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I don't mine, and never have. I don't consider "mining" to be of interest until we're at the level of ASIC/sASIC/FPGA. At that point (and we're very near) I'm going to put together a wall-socket mining system drawing almost no power and using the Wifi everyone has already.

It's not meant to make the owner money, it's meant to make sure that Bitcoin works and can be trusted. It's your own cheap little way of supporting a better currency and financial system, and there are a lot of people who'd buy and install one just to show their support.

Hopefully none of them will join pools, or ever sell any coins that might be "mined":


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October 09, 2011, 10:56:27 PM
 #16

For me price is not to important so long as transactions move.  I can run my store with bitcoin being 2 cents.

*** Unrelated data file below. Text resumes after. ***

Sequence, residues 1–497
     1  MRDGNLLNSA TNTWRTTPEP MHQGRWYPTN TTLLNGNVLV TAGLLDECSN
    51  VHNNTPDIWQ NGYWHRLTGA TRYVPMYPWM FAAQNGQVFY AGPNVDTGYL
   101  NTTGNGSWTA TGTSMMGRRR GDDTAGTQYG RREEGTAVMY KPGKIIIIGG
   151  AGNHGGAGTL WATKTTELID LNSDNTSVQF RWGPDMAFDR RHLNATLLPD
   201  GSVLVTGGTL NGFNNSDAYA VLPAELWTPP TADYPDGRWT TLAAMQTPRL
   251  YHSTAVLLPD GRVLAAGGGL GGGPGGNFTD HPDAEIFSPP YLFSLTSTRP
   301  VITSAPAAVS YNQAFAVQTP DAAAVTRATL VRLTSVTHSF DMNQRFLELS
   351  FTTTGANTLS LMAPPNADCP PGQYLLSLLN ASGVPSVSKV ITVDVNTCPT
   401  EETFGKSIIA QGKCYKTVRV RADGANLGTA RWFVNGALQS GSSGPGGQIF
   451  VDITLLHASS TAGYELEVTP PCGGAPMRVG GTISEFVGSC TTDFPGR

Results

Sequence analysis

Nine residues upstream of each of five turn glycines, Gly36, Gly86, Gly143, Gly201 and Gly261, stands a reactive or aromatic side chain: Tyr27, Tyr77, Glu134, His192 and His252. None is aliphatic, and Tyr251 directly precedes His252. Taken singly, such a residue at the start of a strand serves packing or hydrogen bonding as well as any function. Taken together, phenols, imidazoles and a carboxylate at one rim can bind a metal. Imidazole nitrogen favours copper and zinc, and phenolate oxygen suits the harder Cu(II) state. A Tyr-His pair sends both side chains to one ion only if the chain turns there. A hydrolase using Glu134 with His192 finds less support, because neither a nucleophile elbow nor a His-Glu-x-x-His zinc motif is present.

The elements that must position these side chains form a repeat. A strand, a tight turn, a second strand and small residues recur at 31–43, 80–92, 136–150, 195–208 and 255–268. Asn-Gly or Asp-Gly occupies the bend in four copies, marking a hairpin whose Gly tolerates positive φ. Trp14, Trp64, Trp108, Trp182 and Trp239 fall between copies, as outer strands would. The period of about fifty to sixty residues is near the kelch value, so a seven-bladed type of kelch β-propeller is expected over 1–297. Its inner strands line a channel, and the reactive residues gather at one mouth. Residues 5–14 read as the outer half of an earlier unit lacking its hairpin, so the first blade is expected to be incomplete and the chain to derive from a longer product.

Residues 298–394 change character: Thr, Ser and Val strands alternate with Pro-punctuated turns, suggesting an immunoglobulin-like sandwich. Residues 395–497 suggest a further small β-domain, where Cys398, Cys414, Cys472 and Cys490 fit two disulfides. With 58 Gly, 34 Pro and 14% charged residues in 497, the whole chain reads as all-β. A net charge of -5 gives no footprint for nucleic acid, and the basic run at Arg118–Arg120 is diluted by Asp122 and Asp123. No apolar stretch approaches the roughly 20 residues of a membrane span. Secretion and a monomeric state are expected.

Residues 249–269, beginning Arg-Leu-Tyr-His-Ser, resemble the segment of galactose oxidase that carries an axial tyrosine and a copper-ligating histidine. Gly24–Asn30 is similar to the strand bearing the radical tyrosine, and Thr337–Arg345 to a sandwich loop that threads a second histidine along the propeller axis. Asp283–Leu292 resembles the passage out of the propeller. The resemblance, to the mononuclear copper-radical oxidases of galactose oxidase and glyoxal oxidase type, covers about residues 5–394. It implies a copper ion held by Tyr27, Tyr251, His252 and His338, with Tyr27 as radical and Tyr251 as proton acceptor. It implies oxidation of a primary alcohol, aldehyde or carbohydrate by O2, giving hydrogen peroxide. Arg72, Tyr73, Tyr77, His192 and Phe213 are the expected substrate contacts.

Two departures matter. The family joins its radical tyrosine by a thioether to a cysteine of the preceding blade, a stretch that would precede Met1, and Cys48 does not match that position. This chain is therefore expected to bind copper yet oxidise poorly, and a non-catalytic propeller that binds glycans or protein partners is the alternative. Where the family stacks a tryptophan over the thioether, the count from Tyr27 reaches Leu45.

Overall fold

With the price drops, the difficulty is slowly dropping as well.  I can see bitcoin going all the way down to $2, with difficulty going to about half of what it is.  At that point the network size will be closer to 6TH and electricity costs will be less of a drain on the system.  

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October 10, 2011, 12:54:08 AM
 #17

1 BTC = $1 would be nice, at least for people used to dealing in $US.
Similar to how CAD, AUD, NZD plug along at close to par values.
And difficulty about 1/4 what it is now.

What matters is that people see a need to transact in BTC, that it provides something that they can't get with the banking system - the ability to quietly exchange money without being "watched", without needing approval to open an account, to trade without being managed, out from under the thumb of a gangster/bankster mafia.

If the majority would wake up and take hold of their future they could break free of the oppression and terraform a new economic reality. Hooooowl. Is that enough of a rally cry...